MUSKOGEE — A judge on Wednesday sentenced a defiant Jimcy McGirt, whose landmark case rewired the legal system in much of Oklahoma, to serve three federal life sentences for his three child sex abuse convictions.
U.S. District Judge John F. Heil III, while upholding the prosecution’s request for a longer sentence than recommended by federal guidelines, ordered McGirt, 72, to serve the life terms concurrently, meaning at the same time.
“This court in good conscience cannot subject the public to the defendant’s predatory ways,” Heil said before sentencing McGirt.
McGirt was sentenced after a federal jury on Nov. 6 found him guilty of three felonies related to the sex abuse of a 4-year-old in 1996 following a three-day trial in U.S. District Court for the Eastern District of Oklahoma.
McGirt continued to maintain his innocence Wednesday, telling Heil, “I know how to plead guilty when I’m guilty of something,” referring to his guilty plea in an earlier sex abuse case involving two young boys.
“If I had really done that, I would hate myself,” McGirt said in a rambling statement before being sentenced.
He was retried in federal court after the U.S. Supreme Court ruled in 2020 that Congress never disestablished the Muscogee Nation reservation, which dates to the 1860s.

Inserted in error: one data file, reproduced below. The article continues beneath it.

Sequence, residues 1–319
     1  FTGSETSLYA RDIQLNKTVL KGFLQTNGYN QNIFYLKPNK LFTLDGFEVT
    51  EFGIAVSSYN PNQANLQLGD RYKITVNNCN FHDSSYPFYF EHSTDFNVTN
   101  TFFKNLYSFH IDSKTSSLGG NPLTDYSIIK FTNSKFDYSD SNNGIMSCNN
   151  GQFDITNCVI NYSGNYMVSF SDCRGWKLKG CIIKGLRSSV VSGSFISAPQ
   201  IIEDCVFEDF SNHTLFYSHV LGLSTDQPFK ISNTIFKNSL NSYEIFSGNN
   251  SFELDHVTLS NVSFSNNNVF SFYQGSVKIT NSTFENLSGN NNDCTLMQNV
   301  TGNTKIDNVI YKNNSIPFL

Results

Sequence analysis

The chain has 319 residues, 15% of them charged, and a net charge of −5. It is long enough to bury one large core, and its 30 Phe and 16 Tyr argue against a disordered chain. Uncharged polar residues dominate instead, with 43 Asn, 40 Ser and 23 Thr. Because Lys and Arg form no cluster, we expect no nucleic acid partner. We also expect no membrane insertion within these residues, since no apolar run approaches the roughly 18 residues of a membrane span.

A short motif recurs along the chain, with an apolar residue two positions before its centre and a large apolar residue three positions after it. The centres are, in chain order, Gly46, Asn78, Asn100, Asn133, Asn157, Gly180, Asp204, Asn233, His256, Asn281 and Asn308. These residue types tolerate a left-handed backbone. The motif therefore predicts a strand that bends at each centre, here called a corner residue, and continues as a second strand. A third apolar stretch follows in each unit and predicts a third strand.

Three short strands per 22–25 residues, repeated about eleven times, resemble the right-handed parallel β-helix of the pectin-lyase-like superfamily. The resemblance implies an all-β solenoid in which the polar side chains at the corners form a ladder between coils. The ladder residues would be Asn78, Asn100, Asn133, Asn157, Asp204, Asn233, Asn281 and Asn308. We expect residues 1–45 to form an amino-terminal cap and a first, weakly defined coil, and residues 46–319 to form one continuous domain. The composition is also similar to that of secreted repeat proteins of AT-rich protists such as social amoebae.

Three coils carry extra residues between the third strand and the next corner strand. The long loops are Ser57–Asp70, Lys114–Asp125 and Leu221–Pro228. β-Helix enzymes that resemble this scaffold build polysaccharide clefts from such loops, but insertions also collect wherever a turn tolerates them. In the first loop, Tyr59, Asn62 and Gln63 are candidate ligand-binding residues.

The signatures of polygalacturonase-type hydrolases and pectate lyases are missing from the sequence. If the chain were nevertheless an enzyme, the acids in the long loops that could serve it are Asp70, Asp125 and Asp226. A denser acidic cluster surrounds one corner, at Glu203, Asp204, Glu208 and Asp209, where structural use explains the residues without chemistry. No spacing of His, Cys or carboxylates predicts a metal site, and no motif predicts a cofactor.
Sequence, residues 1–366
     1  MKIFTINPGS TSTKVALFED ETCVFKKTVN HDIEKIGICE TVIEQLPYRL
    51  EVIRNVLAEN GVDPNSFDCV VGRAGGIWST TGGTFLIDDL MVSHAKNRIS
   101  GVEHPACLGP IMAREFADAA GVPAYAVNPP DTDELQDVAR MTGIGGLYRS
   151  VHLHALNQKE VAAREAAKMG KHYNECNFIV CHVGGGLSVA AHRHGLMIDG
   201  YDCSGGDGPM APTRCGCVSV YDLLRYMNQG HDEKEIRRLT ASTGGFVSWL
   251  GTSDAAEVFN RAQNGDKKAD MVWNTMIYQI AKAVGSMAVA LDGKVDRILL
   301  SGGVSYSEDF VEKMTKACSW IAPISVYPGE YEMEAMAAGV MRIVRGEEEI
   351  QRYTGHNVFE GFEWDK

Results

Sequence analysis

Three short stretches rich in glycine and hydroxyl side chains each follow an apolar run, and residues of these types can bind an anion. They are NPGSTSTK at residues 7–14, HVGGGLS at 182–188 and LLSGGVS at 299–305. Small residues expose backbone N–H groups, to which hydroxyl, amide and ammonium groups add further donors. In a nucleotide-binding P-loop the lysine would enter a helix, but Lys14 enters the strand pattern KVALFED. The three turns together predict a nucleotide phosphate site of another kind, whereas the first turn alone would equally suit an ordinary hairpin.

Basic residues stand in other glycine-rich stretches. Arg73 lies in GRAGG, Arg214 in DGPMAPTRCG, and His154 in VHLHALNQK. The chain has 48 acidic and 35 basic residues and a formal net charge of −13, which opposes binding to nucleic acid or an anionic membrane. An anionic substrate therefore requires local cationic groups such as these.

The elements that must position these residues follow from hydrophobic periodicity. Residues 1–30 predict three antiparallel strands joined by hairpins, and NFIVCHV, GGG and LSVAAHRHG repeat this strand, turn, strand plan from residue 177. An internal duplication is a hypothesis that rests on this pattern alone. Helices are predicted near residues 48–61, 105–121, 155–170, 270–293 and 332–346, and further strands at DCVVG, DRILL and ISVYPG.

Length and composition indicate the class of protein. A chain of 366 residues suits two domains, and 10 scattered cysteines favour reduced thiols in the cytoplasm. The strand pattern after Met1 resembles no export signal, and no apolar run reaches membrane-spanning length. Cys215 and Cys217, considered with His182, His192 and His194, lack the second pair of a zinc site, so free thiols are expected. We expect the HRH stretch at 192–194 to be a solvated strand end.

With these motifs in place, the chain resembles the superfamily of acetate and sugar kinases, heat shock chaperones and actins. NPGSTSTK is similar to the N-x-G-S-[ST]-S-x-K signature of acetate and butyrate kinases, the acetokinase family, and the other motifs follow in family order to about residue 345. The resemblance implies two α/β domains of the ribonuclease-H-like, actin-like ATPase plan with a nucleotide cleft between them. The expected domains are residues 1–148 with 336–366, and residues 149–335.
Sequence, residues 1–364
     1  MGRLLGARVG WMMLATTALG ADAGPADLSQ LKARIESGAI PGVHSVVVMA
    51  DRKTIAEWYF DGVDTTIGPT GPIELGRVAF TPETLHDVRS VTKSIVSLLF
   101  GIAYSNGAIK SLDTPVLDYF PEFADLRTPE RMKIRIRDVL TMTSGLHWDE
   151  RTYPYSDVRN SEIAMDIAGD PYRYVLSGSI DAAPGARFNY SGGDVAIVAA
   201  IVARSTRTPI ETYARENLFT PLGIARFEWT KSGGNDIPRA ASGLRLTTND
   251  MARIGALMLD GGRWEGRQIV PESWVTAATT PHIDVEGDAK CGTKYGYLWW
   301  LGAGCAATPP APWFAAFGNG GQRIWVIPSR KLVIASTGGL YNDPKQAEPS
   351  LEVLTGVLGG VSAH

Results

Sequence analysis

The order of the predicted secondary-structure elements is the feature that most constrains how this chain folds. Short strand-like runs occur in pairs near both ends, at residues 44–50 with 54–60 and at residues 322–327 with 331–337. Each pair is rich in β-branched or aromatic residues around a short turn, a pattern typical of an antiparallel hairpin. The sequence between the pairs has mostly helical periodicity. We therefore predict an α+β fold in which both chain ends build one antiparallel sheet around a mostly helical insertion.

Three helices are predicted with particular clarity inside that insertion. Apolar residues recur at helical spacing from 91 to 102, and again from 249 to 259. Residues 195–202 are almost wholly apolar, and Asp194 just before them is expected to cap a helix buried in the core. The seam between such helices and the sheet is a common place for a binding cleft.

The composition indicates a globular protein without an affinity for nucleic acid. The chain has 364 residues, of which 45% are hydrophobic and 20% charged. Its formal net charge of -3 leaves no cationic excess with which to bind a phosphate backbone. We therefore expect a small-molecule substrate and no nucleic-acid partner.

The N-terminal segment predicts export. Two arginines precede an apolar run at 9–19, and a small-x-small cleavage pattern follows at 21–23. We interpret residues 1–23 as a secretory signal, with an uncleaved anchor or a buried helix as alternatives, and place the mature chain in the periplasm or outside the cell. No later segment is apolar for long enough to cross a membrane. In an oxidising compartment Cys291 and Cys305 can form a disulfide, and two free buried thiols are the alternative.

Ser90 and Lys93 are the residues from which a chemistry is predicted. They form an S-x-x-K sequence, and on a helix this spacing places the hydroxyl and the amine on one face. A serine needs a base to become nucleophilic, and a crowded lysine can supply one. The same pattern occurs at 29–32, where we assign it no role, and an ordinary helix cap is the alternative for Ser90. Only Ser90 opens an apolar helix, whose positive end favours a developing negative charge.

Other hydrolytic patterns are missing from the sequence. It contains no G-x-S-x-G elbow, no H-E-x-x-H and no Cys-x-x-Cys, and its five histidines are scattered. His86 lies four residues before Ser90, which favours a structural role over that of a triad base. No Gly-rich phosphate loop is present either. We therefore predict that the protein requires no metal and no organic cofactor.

The ruling meant McGirt and other American Indians involved as either the defendant or victim in crimes within the Muscogee Nation’s historical 11-county reservation must be tried by either the federal or tribal government instead of by the state.
Before his state conviction and sentence were overturned, McGirt had received two 500-year sentences and one life-without-parole term after he was convicted in Wagoner County District Court in 1997 of sexually abusing the 4-year-old left in his care.
McGirt and the victim are members of the Seminole Nation of Oklahoma, and the abuse occurred at a home in Wagoner County that is within the Muscogee Nation reservation.
After his state conviction was overturned, a federal grand jury indicted McGirt on Aug. 17, 2020, on two counts of aggravated sex abuse of a minor in Indian Country and one count of abusive sexual contact with a minor in Indian Country.
The indictment alleged that McGirt sexually abused the 4-year-old girl while the girl’s grandmother, who was married to McGirt at the time, worked and the child’s mother was away on vacation.
The three-day trial featured testimony from the victim, 28 at the time, who recalled McGirt sexually abusing her three times and telling her he would “get in trouble” and her grandmother wouldn’t love her anymore if she told anyone what happened.
The victim testified during McGirt’s sentencing hearing regarding how her life has been affected since she was abused.
The woman told the judge that she has recently been treated for post-traumatic stress disorder and that she used to let people “walk over me.”
The woman said she was “done doing that” and was now speaking out “for people who can’t speak up for themselves.”
“People like Jimcy McGirt deserve to be put away forever,” she said.